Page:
The API that libasync-smp presents differs slightly from that exposed by libasync. The cwrap() function is analogous to the wrap() function described in Section 2 but takes an optional color argument; Table 1 shows the cwrap() interface. The color specified at the callback's creation (i.e. when cwrap() is called) dictates the color it will be executed under. Embedding color information in the callback object rather than in an argument to fdcb() (and other calls which register callbacks) allows the programmer to write modular functions which accept callbacks and remain agnostic to the color under which those callbacks will be executed. Note that colors are not inherited by new callbacks created inside a callback running under a non-zero color. While color inheritance might seem convenient, it makes it very difficult to write modular code as colors ``leak'' into modules which assume that callbacks they create carry color zero.

Since colors are arbitrary 32-bit values, programmers have considerable latitude in how to assign colors. One reasonable convention is to use each request's file descriptor number as the color for its parallelizable callbacks. Another possibility is to use the address of a data structure to which access must be serialized; for example, a per-client or per-request state structure. Depending on the convention, it could be the case that unrelated modules accidentally choose the same color. This might reduce performance, but not correctness.

libasync-smp provides a cpucb() function that schedules a callback for execution as soon as a CPU is idle. The cpucb() function can be used to register a callback with a color different from that of the currently executing callback. A common use of cpucb() is to split a CPU-intensive callback in two callbacks with different colors, one to perform a computation and the other to synchronize with shared state. To minimize programming errors associated with splitting an existing callback into a chain of cpucb() callbacks, libasync-smp guarantees that all CPU callbacks of the same color will be executed in the order they were scheduled. This maintains assumptions about sequential execution that the original single callback may have been relying on. Execution order isn't defined for callbacks with different colors.

Example

Consider the web proxy example from Section 2. For illustrative purposes assume that the parse_request() routine uses a large amount of CPU time and does not depend on any shared data. We could re-write req_cb() to parse different requests in parallel on different CPUs by calling cpucb() and assigning the callback a unique color. Figure 4 shows this change to req_cb(). In this example only the parse_request() workload is distributed across CPUs. As a further optimization, reading requests could be parallelized by creating the read request callback using cwrap() and specifying the request's file descriptor as the callback's color.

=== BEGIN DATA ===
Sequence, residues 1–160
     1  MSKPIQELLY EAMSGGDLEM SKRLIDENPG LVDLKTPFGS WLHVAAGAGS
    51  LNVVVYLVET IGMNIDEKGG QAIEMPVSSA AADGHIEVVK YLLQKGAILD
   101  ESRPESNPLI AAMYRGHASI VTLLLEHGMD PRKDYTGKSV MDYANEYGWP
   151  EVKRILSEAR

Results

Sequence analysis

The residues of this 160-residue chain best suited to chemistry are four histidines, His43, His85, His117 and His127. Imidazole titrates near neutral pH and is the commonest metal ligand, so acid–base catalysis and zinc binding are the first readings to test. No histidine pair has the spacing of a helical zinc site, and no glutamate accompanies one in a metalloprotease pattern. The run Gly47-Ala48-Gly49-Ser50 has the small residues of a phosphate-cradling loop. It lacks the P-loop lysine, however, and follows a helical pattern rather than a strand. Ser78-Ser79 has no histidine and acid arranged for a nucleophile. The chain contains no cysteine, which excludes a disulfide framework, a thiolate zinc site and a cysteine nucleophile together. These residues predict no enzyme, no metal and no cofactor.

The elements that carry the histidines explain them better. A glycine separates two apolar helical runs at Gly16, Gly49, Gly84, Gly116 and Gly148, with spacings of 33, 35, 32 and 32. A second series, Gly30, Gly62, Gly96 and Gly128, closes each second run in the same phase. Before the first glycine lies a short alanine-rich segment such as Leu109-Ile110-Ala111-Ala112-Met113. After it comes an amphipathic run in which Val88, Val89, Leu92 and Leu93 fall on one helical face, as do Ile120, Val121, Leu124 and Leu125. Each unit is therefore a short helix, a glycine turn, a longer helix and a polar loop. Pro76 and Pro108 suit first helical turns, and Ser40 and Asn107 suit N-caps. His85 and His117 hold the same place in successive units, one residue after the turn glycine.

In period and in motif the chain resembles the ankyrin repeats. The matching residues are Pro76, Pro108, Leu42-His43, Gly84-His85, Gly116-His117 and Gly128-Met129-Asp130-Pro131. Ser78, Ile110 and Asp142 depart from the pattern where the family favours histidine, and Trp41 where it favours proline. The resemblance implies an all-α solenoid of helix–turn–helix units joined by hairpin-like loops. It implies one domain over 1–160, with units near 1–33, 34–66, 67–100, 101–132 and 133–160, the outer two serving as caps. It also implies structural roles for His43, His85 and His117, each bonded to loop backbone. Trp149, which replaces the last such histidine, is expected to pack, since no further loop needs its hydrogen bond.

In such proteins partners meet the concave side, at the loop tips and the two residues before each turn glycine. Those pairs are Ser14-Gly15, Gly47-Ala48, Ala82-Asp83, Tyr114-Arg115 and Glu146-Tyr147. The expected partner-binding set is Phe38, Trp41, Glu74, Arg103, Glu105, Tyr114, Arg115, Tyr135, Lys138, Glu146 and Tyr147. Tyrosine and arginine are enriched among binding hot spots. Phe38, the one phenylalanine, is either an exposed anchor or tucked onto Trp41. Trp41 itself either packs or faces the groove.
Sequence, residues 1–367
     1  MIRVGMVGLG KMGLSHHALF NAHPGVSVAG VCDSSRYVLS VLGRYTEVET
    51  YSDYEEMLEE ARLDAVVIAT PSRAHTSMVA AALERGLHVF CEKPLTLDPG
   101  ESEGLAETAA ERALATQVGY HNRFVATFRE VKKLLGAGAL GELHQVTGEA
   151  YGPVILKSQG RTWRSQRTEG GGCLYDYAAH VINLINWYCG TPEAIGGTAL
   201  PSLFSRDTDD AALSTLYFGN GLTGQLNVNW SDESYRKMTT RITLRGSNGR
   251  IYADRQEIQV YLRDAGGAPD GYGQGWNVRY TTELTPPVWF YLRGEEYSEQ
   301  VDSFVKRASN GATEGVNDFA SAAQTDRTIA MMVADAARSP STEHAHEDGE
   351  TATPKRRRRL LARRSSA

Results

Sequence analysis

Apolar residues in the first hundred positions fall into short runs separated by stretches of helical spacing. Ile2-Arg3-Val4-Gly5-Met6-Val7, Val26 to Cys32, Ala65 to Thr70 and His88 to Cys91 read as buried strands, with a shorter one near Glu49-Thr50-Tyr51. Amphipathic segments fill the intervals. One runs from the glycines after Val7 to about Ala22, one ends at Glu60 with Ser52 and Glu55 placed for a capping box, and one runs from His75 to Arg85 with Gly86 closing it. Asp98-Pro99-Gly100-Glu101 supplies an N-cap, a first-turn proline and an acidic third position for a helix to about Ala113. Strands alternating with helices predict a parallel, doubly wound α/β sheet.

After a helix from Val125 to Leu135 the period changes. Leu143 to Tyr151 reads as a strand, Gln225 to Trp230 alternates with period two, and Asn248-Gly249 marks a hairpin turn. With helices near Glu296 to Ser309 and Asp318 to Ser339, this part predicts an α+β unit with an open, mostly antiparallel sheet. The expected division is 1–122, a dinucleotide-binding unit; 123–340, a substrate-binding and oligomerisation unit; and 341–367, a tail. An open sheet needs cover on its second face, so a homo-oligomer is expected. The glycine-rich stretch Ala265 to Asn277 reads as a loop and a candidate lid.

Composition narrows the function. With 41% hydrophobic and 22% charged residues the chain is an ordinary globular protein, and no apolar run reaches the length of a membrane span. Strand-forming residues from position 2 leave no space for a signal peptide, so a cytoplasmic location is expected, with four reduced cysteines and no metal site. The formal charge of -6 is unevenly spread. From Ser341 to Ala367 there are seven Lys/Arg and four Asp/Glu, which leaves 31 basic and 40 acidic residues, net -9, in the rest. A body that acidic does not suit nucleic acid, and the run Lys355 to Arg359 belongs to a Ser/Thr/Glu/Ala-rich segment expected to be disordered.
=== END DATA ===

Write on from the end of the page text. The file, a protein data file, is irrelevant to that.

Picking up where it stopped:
// called when data arrives
req_cb(int fd, str inBuf) 
{
  read(fd, buf, ...);
  append input to inBuf;
  if(complete request in inBuf){
    // un-register callback
    fdcb(fd, READ, NULL);

    // parse the HTTP request under color fd
    cpucb (cwrap (parse_request_cb, fd, inBuf, 
                 (color)fd))
  } else {
    // do nothing; wait for
    // more calls to req_cb()
  }
}

// below parsing done w/ color fd
parse_req_cb (int fd, str inBuf)
{
  parse_request (inBuf, serverName, file);

  // start connection to server
  tcpconnect (serverName, wrap(connect_cb, fd, file));
}
Figure 4: Changes to the asynchronous web proxy to take advantage of multiple CPUs


Figure 5: The callback queue structure in libasync-smp. cpucb() adds new callbacks to the left of the dummy element marked ``cpucb Tail.'' New I/O callbacks are added at ``Queue Tail.'' The scheduler looks for work starting at ``Queue Head.''


Scheduling callbacks

Scheduling callbacks involves two operations: placing callbacks on a worker thread's queue and, at each thread, deciding which callback to run next.

A callback is placed on a thread's queue in one of two ways: due to a call to cpucb() or because the libasync-smp main loop detected the arrival of an I/O, timer, or signal event for which a callback had been registered. A callbacks with color 6#6 is placed in the queue of worker thread 7#7 where 8#8 is the number of worker threads. This simple rule distributes callbacks approximately evenly among the worker threads. It also preserves the order of activation of callbacks with the same color and may improve cache locality.

If a worker thread's task queue is empty it attempts to steal work from another thread's queue [9]. Work must be stolen at the granularity of all callbacks of the same color and the color to be stolen must not be executing currently to preserve guarantees on ordering of callbacks within the same color. libasync-smp consults a per-thread field containing the currently running color to guarantee the latter requirement.